I have to admit, we have it pretty good here in Newfoundland and Labrador. We do not have tornadoes or major hurricanes; we do not have a high crime rate and there is almost zero % pollution. We do have rain, drizzle and fog and on this end of the island, as we say, “the east wind would almost cut you in two”.
Our weather and living on an island in the North Atlantic helps shape us into the people we are, proud of traditions and way of life. This is depicted in our songs and stories which are linked to the sea. Our traditions are also linked with our ancestors who sailed here hundreds of years ago to seek out a new life… a better life. Our ancestors came from England, Ireland, and France primarily. Each with their own traditions, including food, music and dance, all these traditions became more prevalent around Christmas time.
Tradition of Mummering or Jannying
One tradition that has etched its way into our Christmas culture is the practice of Mummering (or where I am from, Riverhead, Hr. Grace, it is called Jannying). Mummers, for those who are not familiar with this practice, are people dressed in disguise and who visit your home during Christmas, knock on your door and ask “any mummers allowed in”? or “any Jannies allowed in”?
Last week, the Bay Roberts Cultural Foundation held a “Grand Old Christmas Time.” Mummers made an appearance at the Time, much to the enjoyment of everyone. The music playing in the background is The Mummers Song, written by Bud Davidage, and recorded by Simani. The song, written in 1984, is a Christmas classic in Newfoundland and Labrador.
Once invited inside they will sing and or dance and will expect a drink, usually some sort of alcohol was given. We were given home brew (homemade beer), most of the houses had large blue barrels next to their oil or woodstoves, I guess a good place for fermentation.
Childhood Memories of Jannies
As a child , growing up in the 70’s and early 80’s I was mortified of Jannies, I use to hear my relatives talk about good and bad Jannies , as a result , in my mind they were all bad, especially the hobby horse. The hobby horse usually was the last Jannie to enter the house; I could remember scooting in the room as fast as I could when I heard the SLAP of its mouth.
When I got older, the concept of Mummering grew on me, and eventually we joined the ranks of the people of the community who kept this tradition going.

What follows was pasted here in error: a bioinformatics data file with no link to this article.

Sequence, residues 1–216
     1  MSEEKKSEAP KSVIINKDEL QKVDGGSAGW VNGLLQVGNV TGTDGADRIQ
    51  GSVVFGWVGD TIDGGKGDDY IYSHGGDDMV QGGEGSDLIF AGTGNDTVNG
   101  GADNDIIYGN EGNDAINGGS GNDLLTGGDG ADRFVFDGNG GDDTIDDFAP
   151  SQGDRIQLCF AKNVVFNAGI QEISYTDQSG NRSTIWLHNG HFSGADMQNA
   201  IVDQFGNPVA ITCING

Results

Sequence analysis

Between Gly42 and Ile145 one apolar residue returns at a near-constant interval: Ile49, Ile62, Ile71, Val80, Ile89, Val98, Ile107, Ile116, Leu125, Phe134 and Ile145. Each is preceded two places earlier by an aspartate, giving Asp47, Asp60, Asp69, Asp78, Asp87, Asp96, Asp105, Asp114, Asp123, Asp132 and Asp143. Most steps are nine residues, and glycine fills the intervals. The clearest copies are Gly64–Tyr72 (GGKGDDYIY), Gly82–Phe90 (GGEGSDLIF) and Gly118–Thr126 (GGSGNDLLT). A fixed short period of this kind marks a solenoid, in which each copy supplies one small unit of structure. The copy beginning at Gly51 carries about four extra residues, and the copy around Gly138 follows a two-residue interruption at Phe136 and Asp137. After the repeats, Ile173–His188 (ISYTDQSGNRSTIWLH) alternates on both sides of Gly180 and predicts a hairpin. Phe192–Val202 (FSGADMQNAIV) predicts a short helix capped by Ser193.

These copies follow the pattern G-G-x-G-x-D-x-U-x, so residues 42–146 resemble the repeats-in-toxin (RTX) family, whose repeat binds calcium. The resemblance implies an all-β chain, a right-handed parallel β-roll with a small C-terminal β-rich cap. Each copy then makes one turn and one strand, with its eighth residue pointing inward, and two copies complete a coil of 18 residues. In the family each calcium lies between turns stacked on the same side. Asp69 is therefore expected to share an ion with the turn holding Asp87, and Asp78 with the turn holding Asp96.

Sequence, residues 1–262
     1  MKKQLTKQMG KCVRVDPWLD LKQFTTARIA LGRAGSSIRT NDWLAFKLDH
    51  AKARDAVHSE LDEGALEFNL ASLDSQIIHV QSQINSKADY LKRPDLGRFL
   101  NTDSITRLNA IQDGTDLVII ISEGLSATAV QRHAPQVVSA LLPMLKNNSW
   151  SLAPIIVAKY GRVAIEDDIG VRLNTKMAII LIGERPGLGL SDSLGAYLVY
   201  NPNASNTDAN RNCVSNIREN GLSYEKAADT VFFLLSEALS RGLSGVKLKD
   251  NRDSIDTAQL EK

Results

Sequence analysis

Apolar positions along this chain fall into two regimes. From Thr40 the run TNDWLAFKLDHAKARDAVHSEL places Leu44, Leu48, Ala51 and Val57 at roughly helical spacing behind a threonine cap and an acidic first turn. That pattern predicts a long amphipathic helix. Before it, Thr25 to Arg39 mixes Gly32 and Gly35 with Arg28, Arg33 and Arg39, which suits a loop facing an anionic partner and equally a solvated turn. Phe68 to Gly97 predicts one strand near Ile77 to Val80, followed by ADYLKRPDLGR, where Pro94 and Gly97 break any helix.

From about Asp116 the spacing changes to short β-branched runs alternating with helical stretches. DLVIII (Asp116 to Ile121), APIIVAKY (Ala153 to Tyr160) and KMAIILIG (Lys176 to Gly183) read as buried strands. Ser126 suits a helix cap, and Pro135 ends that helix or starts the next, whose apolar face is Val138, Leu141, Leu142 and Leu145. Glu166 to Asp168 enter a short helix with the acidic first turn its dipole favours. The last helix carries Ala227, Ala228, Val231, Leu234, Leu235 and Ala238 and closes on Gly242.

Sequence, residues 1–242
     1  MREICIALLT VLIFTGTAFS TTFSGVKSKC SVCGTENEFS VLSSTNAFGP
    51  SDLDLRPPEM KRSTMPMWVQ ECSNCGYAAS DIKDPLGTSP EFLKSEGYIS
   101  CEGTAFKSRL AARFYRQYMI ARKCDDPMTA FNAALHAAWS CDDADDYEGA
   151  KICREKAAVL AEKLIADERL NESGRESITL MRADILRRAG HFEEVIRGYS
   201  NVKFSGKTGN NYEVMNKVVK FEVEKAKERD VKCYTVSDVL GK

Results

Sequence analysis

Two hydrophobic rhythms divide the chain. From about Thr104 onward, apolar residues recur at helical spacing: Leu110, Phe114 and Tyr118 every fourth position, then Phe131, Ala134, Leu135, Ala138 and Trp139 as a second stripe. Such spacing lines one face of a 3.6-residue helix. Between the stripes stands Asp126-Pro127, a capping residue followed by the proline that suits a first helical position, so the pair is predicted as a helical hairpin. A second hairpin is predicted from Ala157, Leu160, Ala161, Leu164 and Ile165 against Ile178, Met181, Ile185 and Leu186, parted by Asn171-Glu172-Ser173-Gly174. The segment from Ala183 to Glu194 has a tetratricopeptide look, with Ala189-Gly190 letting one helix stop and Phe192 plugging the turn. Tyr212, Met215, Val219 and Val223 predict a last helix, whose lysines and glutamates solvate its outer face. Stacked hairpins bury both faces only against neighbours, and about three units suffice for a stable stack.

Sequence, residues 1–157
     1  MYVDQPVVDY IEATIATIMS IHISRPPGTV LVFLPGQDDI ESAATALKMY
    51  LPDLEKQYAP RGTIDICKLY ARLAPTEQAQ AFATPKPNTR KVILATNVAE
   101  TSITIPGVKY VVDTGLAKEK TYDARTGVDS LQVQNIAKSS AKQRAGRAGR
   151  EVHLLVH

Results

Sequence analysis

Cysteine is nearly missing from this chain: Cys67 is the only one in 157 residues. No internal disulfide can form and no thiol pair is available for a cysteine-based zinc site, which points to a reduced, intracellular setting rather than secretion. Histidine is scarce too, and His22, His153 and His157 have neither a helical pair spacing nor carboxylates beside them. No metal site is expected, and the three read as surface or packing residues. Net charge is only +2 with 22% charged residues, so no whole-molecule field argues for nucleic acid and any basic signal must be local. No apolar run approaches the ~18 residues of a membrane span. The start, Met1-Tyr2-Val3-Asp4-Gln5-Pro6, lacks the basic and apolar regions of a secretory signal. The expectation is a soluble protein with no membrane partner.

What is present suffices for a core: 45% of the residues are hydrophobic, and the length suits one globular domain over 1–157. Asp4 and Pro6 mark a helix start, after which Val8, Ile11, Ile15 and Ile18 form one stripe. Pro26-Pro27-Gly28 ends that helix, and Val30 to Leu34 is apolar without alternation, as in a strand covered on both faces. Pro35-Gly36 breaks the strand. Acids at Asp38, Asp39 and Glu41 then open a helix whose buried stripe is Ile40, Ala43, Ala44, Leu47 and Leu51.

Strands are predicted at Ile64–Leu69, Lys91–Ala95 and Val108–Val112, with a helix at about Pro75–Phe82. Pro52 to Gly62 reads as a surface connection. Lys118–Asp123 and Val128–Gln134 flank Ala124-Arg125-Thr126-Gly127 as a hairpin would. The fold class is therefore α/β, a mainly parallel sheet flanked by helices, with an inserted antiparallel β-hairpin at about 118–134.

Last fall, Dale Jarvis who works as the Intangible Cultural Heritage Development Officer for the province of Newfoundland and Labrador, conducted a workshop on “How to Build a Hobby Horse” at the Bay Roberts Visitor Information Centre.
Meggie, Kaegan, and I attended and constructed a family Hobby Horse.
Mummering Around the World
Although Mummering is practiced all over the world, there are different adaptations to the movement. I had the opportunity to travel to Dingle Ireland and while there discovered their traditional drew for Mummering was nothing like ours. They dresses in straw, with large straw hats, and one gentleman told me of a practice of jumping through fires with the costume on.
As in Ireland, other countries celebrate this age old tradition, while researching for paper years ago, I discovered in one form or another, Mummering was celebrated in such countries like England, Wales, Belgium and the United States. In the US , many cities still have large mummers parades and performances such Philadelphia, their parade is world renowned. Some stage elaborate plays with St. George and the Turkey King (Knight) in Europe.
Mummering in Newfoundland
Mummering was disappearing in the 1990’s and 2000’s with the exception of pockets of rural Newfoundland and Labrador communities. The movement got a shot in the arm with the formation of the Mummers Festival in St. John’s.
This award winning festival has grown since its inception and is now a major part of the Holiday season in Newfoundland and Labrador. With workshops and events, and the Mummers Parade (taking place this Saturday) the traditions of Newfoundland Mummering is in good hands. If in St. John’s this Saturday, please drop by and watch, or get involved, they would love to have you involved in this tradition. For more info on the parade visit http://mummersfestival.ca/ .